On exit from the 6 o'clock road (dual carriageway) into the 9 o'clock road, where the latter is also a dual carriageway, the road can be marked by solid lines with chevrons which are wide apart at the beginning but narrow to a point a short short distance along the road. This allows traffic coming from the 6 road and traffic coming around the roundabout from elsewhere to enter the 9 road together in separate lanes.

    I doubt however that the separating chevrons are within the "outer circle" of the roundabout I.E. traffic on the inside lane in road 6 should have the ability to go round to the 12 O'Clock Road in the outer lane.without crossing them.

    Were these the circumstances?


    For those who may have entered the roundabout you get to after leaving the southbound A2 at the Bluewater turnoff will recognise the scenario!

    cheers

  6. #6
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    Apr 2009
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    But the more lanes there are on the round about the more lanes you will have to cross. Say you were to do a 360 around the roundabout as you leave you would cross all the lanes. Or have I misunderstood, I am very good at that.

  7. #7
    Join Date
    Oct 2009
    Location
    London
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    Default

    It has now become the practice for some road authorities, where possible, to have lane indicator lines on the roundabouts themselves. They differentiate the lines for each route around the roundabout by varying the thickness of the lines. In thses cases the lines do cross one another.

    Pity there are no graphics on this site!

  8. #8
    Join Date
    Jan 2008
    Location
    Oxford
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    I agree with the previous post. The lines which were crossed seem to be lane markings for the junction to the left. If that junction had priority then the driver should have been aware of a Give Way sign and double dashed lines as at the approach to most roundabouts and Give Ways. One should try to be very pedantic regarding the description of the road markings and be able to identify differences of hazard lines, centre of road lines, double white lines and so on. A refresher course on the Highway Code is always useful!

    Tony

  9. #9
    Join Date
    Apr 2007
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    At the risk of repeating myself, the French have a mandatory speed limit of 50 kph (30 mph) on roundabouts. To me, this makes commonsense. A large 6-junction roundabout near to us has a 50 mph speed limit, and collisions are frequent.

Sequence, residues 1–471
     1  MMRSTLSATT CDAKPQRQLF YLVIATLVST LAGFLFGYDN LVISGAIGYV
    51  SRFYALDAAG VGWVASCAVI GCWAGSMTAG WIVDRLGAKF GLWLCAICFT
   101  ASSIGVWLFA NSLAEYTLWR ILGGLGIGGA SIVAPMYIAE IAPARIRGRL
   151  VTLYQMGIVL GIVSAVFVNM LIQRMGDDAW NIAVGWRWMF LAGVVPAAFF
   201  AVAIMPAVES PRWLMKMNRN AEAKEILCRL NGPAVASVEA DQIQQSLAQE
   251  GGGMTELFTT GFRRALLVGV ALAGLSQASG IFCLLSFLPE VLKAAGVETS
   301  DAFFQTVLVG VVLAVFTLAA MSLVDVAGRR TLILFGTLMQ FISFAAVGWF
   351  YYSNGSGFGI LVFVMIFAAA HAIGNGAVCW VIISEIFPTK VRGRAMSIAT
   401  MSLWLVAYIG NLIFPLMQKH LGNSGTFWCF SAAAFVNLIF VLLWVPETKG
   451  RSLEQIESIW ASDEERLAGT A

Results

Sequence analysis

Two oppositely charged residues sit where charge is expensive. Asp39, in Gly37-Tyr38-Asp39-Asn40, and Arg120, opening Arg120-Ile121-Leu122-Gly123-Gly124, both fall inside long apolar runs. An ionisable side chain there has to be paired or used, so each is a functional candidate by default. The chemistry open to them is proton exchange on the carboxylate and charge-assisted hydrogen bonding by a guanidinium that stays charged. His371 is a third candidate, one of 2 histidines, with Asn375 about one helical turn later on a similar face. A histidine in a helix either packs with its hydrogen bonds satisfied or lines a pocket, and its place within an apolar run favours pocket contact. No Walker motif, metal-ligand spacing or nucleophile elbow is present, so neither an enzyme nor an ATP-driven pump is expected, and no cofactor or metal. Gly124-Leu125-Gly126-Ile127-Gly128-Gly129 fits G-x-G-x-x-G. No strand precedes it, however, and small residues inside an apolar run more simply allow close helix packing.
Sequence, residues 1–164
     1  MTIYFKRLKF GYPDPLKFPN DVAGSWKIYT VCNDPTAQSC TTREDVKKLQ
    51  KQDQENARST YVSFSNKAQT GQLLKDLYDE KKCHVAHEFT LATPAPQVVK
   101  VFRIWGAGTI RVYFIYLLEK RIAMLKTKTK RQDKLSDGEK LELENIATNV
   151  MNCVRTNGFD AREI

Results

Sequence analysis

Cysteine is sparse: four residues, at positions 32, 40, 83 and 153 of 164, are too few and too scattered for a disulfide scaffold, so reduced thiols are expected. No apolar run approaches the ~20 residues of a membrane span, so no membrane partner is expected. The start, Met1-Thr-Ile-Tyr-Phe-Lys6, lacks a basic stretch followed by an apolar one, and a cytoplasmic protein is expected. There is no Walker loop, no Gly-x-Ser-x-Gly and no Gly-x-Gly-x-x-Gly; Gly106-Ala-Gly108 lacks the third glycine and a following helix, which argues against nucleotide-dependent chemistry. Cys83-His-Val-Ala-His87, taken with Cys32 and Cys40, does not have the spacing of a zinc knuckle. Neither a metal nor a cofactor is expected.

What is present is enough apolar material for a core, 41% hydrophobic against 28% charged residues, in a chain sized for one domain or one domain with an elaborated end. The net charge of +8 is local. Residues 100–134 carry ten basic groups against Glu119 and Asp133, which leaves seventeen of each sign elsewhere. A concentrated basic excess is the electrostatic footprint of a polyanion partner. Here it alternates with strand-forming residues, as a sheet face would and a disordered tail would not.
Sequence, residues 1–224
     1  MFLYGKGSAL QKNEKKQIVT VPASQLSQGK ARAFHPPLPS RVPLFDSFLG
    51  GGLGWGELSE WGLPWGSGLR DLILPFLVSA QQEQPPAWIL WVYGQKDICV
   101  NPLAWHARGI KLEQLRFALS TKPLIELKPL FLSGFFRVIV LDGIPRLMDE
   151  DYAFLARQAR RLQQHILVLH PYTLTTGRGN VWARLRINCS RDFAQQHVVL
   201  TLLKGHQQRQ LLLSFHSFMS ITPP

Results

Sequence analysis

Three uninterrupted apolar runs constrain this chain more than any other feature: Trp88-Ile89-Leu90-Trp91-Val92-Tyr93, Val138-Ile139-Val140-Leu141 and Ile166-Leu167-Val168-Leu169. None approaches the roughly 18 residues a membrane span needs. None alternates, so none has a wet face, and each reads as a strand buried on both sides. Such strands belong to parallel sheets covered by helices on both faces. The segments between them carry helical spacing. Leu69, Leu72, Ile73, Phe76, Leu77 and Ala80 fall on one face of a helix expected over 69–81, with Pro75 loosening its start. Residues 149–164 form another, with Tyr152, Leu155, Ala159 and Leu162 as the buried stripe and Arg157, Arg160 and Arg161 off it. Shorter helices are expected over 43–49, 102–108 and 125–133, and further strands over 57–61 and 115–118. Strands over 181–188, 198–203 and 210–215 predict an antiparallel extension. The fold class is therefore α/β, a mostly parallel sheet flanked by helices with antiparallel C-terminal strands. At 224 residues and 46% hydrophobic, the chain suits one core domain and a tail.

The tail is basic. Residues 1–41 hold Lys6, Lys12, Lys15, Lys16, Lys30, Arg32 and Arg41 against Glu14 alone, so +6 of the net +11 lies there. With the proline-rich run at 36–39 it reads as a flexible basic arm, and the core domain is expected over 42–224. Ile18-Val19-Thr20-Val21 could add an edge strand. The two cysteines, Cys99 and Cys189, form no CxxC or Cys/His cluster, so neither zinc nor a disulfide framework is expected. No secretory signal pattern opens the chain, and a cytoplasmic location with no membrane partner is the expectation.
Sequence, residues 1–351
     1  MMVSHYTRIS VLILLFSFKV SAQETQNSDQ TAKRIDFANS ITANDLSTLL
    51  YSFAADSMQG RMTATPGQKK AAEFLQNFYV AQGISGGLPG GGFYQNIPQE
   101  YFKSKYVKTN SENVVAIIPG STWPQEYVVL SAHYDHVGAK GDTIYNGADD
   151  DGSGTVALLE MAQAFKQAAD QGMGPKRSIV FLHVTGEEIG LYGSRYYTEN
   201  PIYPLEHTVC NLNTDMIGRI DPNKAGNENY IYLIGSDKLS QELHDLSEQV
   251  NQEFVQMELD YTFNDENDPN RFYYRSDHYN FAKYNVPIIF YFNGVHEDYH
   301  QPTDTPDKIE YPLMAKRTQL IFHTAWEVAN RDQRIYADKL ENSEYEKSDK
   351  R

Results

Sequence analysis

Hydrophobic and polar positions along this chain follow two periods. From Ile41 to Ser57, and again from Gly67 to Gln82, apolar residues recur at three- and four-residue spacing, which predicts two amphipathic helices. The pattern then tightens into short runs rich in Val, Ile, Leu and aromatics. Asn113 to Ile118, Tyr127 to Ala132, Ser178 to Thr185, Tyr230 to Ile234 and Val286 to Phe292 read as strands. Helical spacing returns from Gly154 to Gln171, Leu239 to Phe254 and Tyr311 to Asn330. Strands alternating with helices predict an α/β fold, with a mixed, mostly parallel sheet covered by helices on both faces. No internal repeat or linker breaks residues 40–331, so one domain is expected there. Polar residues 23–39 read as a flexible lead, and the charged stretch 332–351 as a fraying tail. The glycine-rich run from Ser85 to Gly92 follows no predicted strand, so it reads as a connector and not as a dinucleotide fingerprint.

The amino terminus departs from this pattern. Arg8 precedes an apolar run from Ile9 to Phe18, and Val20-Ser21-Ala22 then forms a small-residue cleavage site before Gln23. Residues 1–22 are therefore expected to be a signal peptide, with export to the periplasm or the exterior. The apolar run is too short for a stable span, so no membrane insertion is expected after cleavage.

What chance does a driver strange to an area have, if he/she happens to get into the wrong lane? It must be a regular occurrence for a driver to be looking for a specific location, and to be travelling a bit more slowly in the process. It should also be normal for drivers to be aware of, and expect, these situations. Yet most drivers seem to plough on regardless, maintaining the highest possible speed and resenting anyone who causes the need for them to ease back on the accelerator.

    Add to these the idiot drivers who signal too early, indicating "left" before reaching the exit which they don't intend to take, and then witter on about about their "right-of-way" being blocked by the driver whose righthand side they have just crashed into.

    I almost had a collision on the A5 a couple of weeks ago because of one of these clots. Fortunately for me, I had somehow felt that he was coming further round the island, and stopped. But the driver behind me, who should also seen the lefthand indicator, probably assumed that I would be going straight onto the roundabout. Luckily, he managed to brake hard before a shunt occurred, and glared at me as if I had done something wrong.

  10. #10
    Join Date
    Apr 2009
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    I think that you have to except that a flashing indicator means, my car has winking yellow lights and they work, can you see the pretty lights? Consequently, I ignore them and use the vehicle body language to determine which way it is probably going.